Previously, I have been skeptical of a convention center expansion. As a member of the Visitor Impact Task Force, I came around to a positive recommendation after the Task Force recommended ways to make expansion a positive for the city:
- Incorporating expansion as part of a larger tower to share costs and add activity when the convention center isn’t being used.
- Keeping the convention center expansion on the tax base.
- Keeping the street grid, the long-term source of value in the downtown district.
On August 29, city of Austin staff casually dropped a bombshell that gives the possibility of multiplying these benefits many times over: building a Convention Center expansion may open the possibility of redeveloping the existing Convention Center. The possibility seems remote but it would be an enormous development so let’s step through it.
What is there to gain from redeveloping the area?
The Frost Bank Tower paid $7.5M in property taxes in 2017. Expanding that out to the Convention Center’s six blocks, that’s about $45m in potential tax revenue from the Convention Center’s 6 blocks! That’s almost as much as the city spends on the repaying Convention Center construction loans and operations put together!
These taxes represent the real benefits to Austinites that onsite towers could provide: homes, workplaces, shops, restaurants, etc. Today, way more people wish they could live downtown than live there, as evidenced by the record prices people are paying for downtown condos and apartments. Building more offices and homes will allow more of the people who want to live and/or work downtown to do so. According to the staff presentation, there could be up to 4 million square feet of buildable space there. That could be enough housing for 4,000 households, enough office space for 20,000 jobs, or some combination thereof.
Lastly, the convention center doesn’t just occupy land that could be used for other purposes, but it also occupies the streets and sidewalks that people would otherwise use to get around. Returning that land to be used as streets would make it easier for people to get around, making all of the land around it more valuable. For example, the City of Austin and Waller Creek Conservancy are currently investing large resources in renovating Palm Park on 3rd Street, but few people downtown use that park in part because it’s hard to get to! It may even provide traffic relief by providing alternative means to get to destinations on opposite sides of the convention center.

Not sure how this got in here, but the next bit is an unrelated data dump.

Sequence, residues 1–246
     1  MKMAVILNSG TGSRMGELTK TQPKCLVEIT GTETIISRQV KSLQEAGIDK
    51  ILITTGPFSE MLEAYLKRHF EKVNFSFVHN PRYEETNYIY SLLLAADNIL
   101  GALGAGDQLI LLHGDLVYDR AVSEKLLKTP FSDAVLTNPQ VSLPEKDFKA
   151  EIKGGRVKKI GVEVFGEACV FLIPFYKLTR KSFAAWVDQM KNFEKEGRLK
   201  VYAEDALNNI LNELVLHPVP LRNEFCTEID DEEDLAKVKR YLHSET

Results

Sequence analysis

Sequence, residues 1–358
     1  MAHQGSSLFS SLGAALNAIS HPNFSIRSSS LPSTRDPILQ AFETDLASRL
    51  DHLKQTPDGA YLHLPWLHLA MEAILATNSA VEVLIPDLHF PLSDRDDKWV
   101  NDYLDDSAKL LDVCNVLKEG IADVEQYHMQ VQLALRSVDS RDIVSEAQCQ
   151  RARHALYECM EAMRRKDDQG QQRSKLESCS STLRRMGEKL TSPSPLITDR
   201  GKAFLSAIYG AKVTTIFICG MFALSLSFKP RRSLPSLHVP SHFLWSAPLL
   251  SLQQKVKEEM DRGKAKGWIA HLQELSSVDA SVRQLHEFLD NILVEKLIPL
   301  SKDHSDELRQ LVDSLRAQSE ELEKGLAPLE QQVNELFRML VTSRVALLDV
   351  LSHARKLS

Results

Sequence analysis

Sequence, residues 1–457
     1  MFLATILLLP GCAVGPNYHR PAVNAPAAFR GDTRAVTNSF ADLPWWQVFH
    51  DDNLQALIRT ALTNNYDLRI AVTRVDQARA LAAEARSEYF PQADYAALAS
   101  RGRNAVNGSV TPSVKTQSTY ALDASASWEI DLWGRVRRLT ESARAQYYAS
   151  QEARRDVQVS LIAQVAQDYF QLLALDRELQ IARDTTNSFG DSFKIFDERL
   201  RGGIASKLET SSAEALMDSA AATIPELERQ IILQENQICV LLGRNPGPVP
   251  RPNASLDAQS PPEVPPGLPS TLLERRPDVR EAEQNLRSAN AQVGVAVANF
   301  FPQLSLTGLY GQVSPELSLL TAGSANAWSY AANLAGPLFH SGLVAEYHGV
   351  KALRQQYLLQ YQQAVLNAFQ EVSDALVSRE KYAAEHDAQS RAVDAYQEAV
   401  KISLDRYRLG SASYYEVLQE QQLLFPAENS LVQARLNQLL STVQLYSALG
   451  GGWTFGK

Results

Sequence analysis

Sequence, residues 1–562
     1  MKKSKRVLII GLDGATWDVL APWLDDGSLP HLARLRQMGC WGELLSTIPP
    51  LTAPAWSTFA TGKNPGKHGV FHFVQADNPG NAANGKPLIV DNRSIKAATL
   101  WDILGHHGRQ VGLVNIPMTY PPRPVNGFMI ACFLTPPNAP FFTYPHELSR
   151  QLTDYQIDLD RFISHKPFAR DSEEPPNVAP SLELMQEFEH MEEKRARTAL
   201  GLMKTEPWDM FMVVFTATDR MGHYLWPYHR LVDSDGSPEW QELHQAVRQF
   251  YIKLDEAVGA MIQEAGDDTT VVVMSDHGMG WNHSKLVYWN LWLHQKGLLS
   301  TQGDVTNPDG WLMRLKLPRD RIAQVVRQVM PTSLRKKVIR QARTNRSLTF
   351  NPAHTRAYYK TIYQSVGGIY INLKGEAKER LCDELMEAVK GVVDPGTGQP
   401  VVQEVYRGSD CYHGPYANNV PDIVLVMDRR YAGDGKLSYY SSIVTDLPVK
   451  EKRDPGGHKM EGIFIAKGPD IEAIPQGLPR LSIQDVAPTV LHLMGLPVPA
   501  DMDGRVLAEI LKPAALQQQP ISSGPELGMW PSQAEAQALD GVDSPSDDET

Why does redeveloping the Convention Center depend on expansion?
Designing a vertical convention center is difficult; one of the most important aspects of convention center space is beam-free space ― enormous wide-open rooms without any vertical supports to obstruct views. Designing spaces to be beam-free is difficult as part of larger tower structures which require vertical supports. Convention centers are not generally built vertically for this reason and the Austin Convention Center was definitely not built with vertical expansion in mind.
Without expansion, redeveloping the convention center for more square footage in place would entail years of foregoing hosting large conventions in Austin. While Austin is a hot convention market today, taking such a dramatic step would risk crippling the future convention industry in Austin. Skills and connections would rust as convention bookers would lose touch with Austin, convention center staff find other jobs, and convention-oriented businesses like the JW Marriott or Fairmont Hotel would need to reorient.
The Convention Center redeveloping could therefore only be approached out of strength or serious weakness: with the strength of new modern facilities in place to accept conventions or the weakness of a rapid decline in Convention Center fortunes forcing a desperation move. We are nowhere near the latter―Austin has been moving up the ranks, not down the ranks, as a Convention destination.
What are the next steps?
The possibility of a redevelopment of the existing Convention Center changes the ideas for expansion dramatically. While the expansion has focused more on meeting space and ballrooms, if it is to serve as an interim or permanent replacement for some or all of the existing Convention Center, it would necessarily include more exhibit space and an area for trucks to unload into it. For the city, therefore, the next step would be to include information about potential for redevelopment of the existing Convention Center in any Request for Proposals it releases.
For the Austin urban design and architectural communities, the next step is to develop ideas and visions that can inspire stakeholders and the whole city to believe that a megaproject like this could make sense for the Convention Center, for other downtown business, for transportation, and for the city and its finances. So architects, designers, placemakers, enthusiasts: do you have thoughts about how this could happen? A phased approach to redeveloping the southeastern corner of downtown? Please send them to dan@email@example.com and let me know if I can share them with my readers!